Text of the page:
That last month in Fort Lauderdale was a blur, and as quickly as it started it was over. Coming back to Tampa, I feel like my life is restarting after a five year pause. Part of that restart includes my returning to school.
Last night I had a dream, about going back to USF, this time for film. During the entire thing, everything I did was juxtaposed against my experience as a music student, with the worst of moments–those I’d go back and erase, for they brought nothing but ill–being accented most of all. In the end, I awoke with both dread at the idea of going back to school and facing demons, and hope that I could actually be successful in film.
But first and foremost, I’d like to continue further with my writings.
You may not know it, since I don’t remember whether I’ve mentioned this here or not, but I’m a musician by training. I started playing the violin when I was 10, the double-bass when I was 13, and the viola when I was 18. In 2002 I got a B.M. (Bachelors of Musicology) in music composition. Since then music has been, at at best , secondary in my life. Hell of an expensive hobby, wouldn’t you say?
It was during that time that I started writing, first for computer companies, then eventually for my own, in the form of commentary and fiction. This has been moderately successful, by which I mean I’ve been able to make a fairly good living off of it, though I’ve yet to attain any massive fame or fortune from my writing. Still, even with that, I feel I need to do more, like if the creative process, at least mine, can’t really be constricted to one format. That, and I’ve always fancied myself as a bit of a stage and film “creator” (I won’t use “director”, since it’s not entirely what I’d like to do). As well as an actor, since I’ve also always enjoyed being on the stage. But then, maybe I’ve been watching too much television.
My office, if I may change the subject, is coming along nicely. When we moved here, it was the one room I knew I had to set up before concerning myself with any of the others, including the bedroom or kitchen. But in reality there are two offices, not one. The first is my job office/library. It’s a 12′ x 12′ room facing the conservation area in the back yard. It has its own bathroom and a walk-in closet. That walk-in closet is the second office, what I call my writing office. In it there is one small AC vent, one light, and no electrical plugs. That’s because I don’t intend to use any electronic devices in the office, at least not for long. (I’m writing this on my MacBook and yes, I’m sitting in the writing office.) I’ve added a bookshelf, a (beautiful) writing desk, and a chair, but that’s it as far as furniture is concerned. On the desk is my typewriter, and until last night, a stack of papers full of unfinished stories, bits of diary entries, and plans for a couple of books.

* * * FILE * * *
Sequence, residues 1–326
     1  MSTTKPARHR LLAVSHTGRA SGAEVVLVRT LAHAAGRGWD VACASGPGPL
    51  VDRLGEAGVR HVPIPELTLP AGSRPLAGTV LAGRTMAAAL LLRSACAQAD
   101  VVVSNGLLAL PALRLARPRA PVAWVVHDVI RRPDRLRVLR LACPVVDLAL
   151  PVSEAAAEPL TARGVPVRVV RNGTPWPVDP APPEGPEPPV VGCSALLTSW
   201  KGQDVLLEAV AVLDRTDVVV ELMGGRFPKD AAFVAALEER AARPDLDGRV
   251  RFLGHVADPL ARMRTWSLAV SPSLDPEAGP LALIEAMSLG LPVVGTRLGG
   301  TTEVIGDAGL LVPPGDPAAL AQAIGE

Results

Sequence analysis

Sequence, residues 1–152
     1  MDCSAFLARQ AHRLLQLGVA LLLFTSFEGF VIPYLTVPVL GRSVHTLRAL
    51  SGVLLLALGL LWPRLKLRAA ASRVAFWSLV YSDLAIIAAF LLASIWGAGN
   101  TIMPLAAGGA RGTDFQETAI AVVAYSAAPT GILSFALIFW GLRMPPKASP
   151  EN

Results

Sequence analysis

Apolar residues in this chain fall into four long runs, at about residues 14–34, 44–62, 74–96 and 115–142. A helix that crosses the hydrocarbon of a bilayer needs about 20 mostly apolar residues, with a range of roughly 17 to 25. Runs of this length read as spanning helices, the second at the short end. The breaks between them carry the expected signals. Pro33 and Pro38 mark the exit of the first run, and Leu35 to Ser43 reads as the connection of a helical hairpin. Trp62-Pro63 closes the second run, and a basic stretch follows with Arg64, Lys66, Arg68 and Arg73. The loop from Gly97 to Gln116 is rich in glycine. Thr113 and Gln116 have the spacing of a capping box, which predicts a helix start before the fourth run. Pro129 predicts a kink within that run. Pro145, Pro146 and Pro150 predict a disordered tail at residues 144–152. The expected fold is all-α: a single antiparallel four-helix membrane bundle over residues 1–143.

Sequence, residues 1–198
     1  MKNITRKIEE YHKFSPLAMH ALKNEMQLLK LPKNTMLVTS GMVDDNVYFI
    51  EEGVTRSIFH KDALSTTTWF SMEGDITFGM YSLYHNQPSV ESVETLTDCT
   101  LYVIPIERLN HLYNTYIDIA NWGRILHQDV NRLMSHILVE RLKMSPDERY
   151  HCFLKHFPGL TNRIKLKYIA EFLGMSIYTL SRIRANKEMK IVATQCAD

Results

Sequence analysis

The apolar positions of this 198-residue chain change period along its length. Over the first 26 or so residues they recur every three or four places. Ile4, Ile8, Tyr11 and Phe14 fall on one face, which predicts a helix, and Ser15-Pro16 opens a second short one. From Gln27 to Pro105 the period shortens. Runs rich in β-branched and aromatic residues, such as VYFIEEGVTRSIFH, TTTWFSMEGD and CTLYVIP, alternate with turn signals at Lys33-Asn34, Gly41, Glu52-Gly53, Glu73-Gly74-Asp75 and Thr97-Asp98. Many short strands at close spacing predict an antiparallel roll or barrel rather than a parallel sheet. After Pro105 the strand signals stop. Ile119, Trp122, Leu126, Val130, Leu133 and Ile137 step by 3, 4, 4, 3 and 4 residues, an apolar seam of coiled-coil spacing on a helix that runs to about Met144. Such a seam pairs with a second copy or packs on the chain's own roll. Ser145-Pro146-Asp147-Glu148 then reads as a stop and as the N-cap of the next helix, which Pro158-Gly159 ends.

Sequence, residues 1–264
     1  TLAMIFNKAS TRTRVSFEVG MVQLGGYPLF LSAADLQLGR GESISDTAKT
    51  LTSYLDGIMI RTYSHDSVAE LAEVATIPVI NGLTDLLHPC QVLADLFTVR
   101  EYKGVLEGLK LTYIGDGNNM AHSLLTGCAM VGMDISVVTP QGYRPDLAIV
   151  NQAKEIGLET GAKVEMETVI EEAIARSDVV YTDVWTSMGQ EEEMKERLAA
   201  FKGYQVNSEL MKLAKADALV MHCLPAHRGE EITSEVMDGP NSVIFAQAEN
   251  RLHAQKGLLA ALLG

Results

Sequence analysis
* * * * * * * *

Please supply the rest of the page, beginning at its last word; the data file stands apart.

In that stack of papers were the drafts for seven distinct works, including two books. One’s a comic book script. Another is a book I started a year ago, but which I don’t quite feel the need to write right now, another is a collection of short stories set in a universe of absurd realism. And then there are a few short stories. Of the stack, most were written on my computer. Some were written on my typewriters. Yet all were written with the desire to create something, a world, a universe.
You know what my dream is? I admire guys like Joss Whedon, Gene Roddenberry, and J. Michael Straczynski. Why? Because they’ve been able to do what I can only dream of doing: they created universes so enjoyable to be in that people will choose it over the universe in which they currently exist. So, yeah, maybe that’s my dream: to become the purveyor of escapism. But I think of it as creating something that makes so many people feel good, that so many enjoy, that it takes on a life of its own.
Someone wise once told me that God created us in His own image, and that since He is a creator, then that must mean we are also. I’ve held that belief as my own ever since.
While I completely admire people like Steven King and Gene Wolfe (hard to imagine the two being held up to the same light), people whose lives are defined by their words, I’ve come to the realization that my ambitions stray a bit from this solitary discipline and encompass also the visual and aural arts. That’s why I look to people like Neil Gaiman, whose works transcend the written word and move to the visual arts, whether that be via comics or films; and Stanley Kubrick, who create a world of not only sight and words, but of sounds.
The office isn’t very large, as you can imagine. At 6′ x 8′ it isn’t small, either. It’s just the right size for its purpose. It’s only window to the outside world is the closed door to the main office. Yet in here I can sit with my own thoughts, write, and dream up worlds which will one day, I hope, exist somewhere other than in my own mind.